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Relax; the Pope didn't change Church teaching with a phone call

By Phil Lawler ( bio - articles - email ) | Apr 24, 2014

At times, rather than reporting all the known facts about a news story, it would be easier to report all the things we don’t know. The Pope’s telephone conversation with a woman in Argentina is a conspicuous example.

We know that Pope Francis spoke with Jaquelina Lisbona. That much has been confirmed. But we don’t know exactly what the Pope told the Argentine woman. Nor do we know the particulars of her situation.

Did the Pope really say that divorced people can receive Communion? But of course they can! The obstacle is not divorce in itself, but remarriage. Jaquelina Lisbona is neither divorced nor remarried. Her husband is. But for all we know, she and her husband are now living as brother and sister, in which case there would be no reason why she could not resume receiving the sacraments.

It’s significant that Jaquelina Lisbona was not happy with the international attention that came her way when this story broke. She was looking for pastoral advice, not publicity. Now suddenly her marital situation is splashed across the world’s headlines.

The mass media, always hungry for details, would like Pope Francis to issue a clarification, explaining exactly what he said during that phone call. But how could he do so, without violating the confidentiality of the conversation? The public has neither a need nor a right to know about the details of Jaquelina’s relationship with Julio Sabetta.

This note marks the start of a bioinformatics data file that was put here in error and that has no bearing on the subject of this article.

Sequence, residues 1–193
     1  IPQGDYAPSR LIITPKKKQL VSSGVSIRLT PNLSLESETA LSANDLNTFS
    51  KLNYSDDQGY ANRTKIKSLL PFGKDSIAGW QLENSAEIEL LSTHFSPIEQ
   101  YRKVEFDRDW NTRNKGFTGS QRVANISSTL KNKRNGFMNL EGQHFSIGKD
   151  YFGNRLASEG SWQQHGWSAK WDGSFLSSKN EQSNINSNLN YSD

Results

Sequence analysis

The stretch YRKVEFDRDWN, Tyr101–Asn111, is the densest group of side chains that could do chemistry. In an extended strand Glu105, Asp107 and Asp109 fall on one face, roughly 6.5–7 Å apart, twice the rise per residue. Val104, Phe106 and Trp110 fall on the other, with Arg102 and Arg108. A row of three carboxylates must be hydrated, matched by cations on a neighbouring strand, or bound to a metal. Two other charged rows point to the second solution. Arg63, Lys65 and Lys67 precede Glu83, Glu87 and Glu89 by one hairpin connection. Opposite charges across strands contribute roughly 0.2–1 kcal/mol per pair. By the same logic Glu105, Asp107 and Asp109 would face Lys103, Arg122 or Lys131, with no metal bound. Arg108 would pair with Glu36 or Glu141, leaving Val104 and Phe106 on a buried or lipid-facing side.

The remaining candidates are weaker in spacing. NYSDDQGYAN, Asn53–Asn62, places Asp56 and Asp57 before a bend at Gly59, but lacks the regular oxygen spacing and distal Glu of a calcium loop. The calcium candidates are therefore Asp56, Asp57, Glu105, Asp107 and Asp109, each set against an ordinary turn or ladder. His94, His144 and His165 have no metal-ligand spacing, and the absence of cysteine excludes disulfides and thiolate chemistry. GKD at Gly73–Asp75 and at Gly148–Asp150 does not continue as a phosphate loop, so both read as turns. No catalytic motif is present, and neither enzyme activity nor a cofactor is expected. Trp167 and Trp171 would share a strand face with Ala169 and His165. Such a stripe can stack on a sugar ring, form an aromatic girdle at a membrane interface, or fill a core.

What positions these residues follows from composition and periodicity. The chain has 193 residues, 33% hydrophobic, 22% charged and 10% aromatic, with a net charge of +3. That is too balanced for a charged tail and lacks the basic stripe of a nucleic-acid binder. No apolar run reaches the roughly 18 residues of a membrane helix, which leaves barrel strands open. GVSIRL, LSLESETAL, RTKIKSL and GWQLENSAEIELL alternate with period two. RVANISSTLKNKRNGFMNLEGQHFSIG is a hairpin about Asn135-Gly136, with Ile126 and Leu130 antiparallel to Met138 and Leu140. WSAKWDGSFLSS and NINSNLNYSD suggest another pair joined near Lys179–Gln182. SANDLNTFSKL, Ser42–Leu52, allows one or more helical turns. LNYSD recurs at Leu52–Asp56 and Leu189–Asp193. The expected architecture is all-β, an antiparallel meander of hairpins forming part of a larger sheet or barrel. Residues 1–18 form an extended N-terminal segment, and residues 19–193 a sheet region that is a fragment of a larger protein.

But this much we do know: The Pope did not change the Church’s teaching on divorce and remarriage. Catholic doctrines are not altered by phone calls.

Phil Lawler has been a Catholic journalist for more than 30 years. He has edited several Catholic magazines and written eight books. Founder of Catholic World News, he is the news director and lead analyst at See full bio.

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  • Posted by: - Apr. 25, 2014 6:37 PM ET USA

    What concerns me is that people are even thinking that Church teaching is going to change. Something has happened whereby even faithful Catholics feel nervous about whether core Church teachings are going to change. I work in a Diocesan Chancery and it is a time of confusion, largely spurred by the media, but by a confused presentation of doctrine.. There is a great deal of uncertainty, and progressive Catholics are empowered by media soundbytes, and believe they have an ally in Pope Francis.

  • Posted by: jg23753479 - Apr. 25, 2014 9:26 AM ET USA

    No, they are not altered, but they can be undermined. It's hard to see what exactly Francis hoped to accomplish here, but they were not in a confessional and he should have understood the conversation might be "leaked", at least in part. That possibility always presents an opening for those interested in watering-down or questioning the Church's teachings. Of all people, Francis should have learned this by now.

  • Posted by: lak321 - Apr. 24, 2014 9:13 PM ET USA

    Great analysis. Thank you!